Solely as a historical drama about the Salem witch hunts of the 1690s, Arthur Miller’s classic “The Crucible” is as gripping as ever, depicting the mass hysteria and mob mentality that overtake a Puritanical New England community, and the collateral damage it tragically inflicts on a lot of good and upstanding people.
When the play premiered on Broadway in the 1950s, of course, it purposefully functioned as a timely and topical allegory about the Communist “witch hunts” of that McCarthy era, when a climate of pointing fingers and casting blame and “naming names” ran rampant. Some 60 years later, you might think that Miller’s original construct had lost a certain amount of its in-the-heat-of-the-moment edge or relevance.
Then again, sadly enough, maybe not. In the wake of one of the most polarizing presidential elections in American history, artistic director Freddie Ashley’s starkly envisioned and genuinely arresting Actor’s Express production of “The Crucible” seems to suggest otherwise from the outset.
For starters, the seating arrangement in the theater divides the audience on opposite sides of scenic designer Pamela Hickey’s elongated set. At the same time, Ashley’s anachronistic use of a multiethnic ensemble of actors — with 21 members, it’s possibly the biggest cast we’ve ever seen at the Express — clearly speaks to issues about diversity and inclusion that have been hotly debated of late.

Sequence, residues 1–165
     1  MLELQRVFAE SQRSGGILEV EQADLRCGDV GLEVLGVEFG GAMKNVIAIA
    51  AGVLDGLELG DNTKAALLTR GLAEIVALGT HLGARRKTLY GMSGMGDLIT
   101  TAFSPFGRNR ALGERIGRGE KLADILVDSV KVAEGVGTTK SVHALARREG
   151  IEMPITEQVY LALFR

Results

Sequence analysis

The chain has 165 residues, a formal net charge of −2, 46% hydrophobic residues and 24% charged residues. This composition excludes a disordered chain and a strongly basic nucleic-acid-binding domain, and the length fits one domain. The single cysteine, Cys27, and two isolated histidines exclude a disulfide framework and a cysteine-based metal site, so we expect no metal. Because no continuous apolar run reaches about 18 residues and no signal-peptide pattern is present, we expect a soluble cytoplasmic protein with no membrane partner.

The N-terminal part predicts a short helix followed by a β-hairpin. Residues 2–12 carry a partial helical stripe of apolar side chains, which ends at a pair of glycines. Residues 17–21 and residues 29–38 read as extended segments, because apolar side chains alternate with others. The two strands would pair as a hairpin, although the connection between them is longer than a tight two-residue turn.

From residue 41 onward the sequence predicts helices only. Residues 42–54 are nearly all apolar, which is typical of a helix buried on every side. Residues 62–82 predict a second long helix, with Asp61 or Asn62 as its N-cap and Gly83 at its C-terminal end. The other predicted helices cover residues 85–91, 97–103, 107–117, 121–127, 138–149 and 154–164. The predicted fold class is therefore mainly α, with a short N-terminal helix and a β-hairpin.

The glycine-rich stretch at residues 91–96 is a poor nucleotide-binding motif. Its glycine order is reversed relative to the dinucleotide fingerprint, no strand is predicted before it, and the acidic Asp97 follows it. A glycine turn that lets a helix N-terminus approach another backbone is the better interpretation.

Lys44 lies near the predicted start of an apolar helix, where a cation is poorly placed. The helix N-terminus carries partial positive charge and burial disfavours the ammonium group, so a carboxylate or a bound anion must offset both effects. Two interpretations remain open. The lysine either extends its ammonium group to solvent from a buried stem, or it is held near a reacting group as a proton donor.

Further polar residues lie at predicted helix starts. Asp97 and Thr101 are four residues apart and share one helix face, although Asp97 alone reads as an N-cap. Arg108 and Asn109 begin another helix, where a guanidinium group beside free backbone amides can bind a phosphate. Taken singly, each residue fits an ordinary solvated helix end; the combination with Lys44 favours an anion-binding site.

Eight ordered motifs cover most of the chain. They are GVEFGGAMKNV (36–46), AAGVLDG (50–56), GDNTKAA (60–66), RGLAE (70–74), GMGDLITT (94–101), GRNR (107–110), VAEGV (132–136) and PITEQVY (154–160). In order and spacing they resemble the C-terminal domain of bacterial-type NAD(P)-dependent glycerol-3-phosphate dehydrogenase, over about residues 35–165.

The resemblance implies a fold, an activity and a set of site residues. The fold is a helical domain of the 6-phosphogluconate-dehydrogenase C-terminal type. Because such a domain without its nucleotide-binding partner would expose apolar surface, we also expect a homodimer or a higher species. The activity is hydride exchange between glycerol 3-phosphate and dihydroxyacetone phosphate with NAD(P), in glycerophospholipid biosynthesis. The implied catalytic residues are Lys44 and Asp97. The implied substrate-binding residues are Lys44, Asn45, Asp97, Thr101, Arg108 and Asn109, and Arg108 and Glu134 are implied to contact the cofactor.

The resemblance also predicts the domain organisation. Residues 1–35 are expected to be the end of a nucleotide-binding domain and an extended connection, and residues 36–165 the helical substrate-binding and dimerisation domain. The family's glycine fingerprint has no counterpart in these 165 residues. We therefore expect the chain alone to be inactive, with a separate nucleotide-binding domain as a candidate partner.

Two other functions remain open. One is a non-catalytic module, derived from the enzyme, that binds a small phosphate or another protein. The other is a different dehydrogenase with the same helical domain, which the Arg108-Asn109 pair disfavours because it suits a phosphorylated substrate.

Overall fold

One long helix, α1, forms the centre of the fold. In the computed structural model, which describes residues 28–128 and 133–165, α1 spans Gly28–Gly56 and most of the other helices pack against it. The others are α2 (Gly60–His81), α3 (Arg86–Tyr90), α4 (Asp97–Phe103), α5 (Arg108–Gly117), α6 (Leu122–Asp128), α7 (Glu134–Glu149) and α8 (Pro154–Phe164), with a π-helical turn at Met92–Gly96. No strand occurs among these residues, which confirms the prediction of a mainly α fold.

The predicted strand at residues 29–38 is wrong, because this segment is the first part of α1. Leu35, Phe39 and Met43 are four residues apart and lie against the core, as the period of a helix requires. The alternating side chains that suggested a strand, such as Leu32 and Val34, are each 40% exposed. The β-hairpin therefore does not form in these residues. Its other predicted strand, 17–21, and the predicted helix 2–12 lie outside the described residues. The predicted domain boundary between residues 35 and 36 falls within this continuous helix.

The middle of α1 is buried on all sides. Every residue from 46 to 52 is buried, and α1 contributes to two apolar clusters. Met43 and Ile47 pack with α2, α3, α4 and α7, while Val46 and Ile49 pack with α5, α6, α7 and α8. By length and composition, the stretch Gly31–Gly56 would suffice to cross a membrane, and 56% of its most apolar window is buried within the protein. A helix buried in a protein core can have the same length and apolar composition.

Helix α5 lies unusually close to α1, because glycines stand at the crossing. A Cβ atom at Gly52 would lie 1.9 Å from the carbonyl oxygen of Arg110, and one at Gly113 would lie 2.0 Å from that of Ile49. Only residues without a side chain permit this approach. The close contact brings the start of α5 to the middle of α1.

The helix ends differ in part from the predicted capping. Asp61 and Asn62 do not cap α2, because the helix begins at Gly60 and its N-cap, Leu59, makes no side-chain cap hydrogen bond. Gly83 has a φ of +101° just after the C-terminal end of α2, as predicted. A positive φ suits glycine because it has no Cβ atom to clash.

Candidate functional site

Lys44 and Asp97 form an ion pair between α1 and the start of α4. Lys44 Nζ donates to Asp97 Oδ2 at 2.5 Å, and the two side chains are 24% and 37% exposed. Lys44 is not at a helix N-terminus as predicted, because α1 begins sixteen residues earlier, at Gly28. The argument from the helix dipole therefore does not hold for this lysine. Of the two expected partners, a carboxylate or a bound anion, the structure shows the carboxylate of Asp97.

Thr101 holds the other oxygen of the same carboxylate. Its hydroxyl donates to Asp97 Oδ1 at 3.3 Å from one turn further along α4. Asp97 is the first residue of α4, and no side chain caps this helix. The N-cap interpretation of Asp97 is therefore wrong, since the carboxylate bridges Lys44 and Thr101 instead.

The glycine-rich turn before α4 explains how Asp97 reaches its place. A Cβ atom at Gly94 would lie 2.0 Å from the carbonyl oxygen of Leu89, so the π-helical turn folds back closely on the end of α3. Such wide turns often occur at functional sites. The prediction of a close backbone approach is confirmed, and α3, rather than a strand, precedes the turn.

And when the character of Danforth (who presides over the Salem witch trials) gravely intones, “Now we shall touch the bottom of this swamp,” it suddenly attains a new significance as an uncomfortably laughable one-liner, given the repeated references to that word during our last political campaign.
Each of the play’s scenes climaxes in a powerful flourish of lights and sounds (sharply designed by Joseph P. Monaghan III and Ed Thrower, respectively). But for all of the bombastic fury that fuels its many grander discussions about “prodigious danger” and “pointy reckoning,” about “unnatural causes” and “obscene practices,” Ashley’s staging registers most profoundly on a personal level.
Jonathan Horne (Georgia Ensemble’s “The Elephant Man”) delivers an impassioned, if eventually somewhat overwrought, performance in the central role of the conscientious but conflicted farmer John Proctor. Primarily known for her work in musicals and comedies, Shelli Delgado (Aurora’s “Into the Woods”) is startlingly persuasive as Abigail Williams, his scorned mistress and chief accuser. As his wife, Elizabeth, better still is the ever-estimable Courtney Patterson (the Alliance’s “Disgraced”), whose scenes ache with a quiet desperation and painful honesty.
The rest of the large cast is variable, although Charles Green (as the dubious Rev. Parris), Tamil Periasamy (as the more reasoned Rev. Hale), Falashay Pearson (as the impressionable young Mary Warren) and Bryan Davis (as the pious Danforth) have their moments.
In the end, that “The Crucible” could be described as a “period piece” isn’t to say that it doesn’t also transcend time and place, to chilling effect.
Through Feb. 19. 8 p.m. Wednesdays-Saturdays; 2 p.m. Sundays. $21.60-$37.80. Actor’s Express (at King Plow Arts Center), 887 W. Marietta St. N.W., Atlanta. 404-607-7469, www.actors-express.com.
Bottom line: As potent as ever.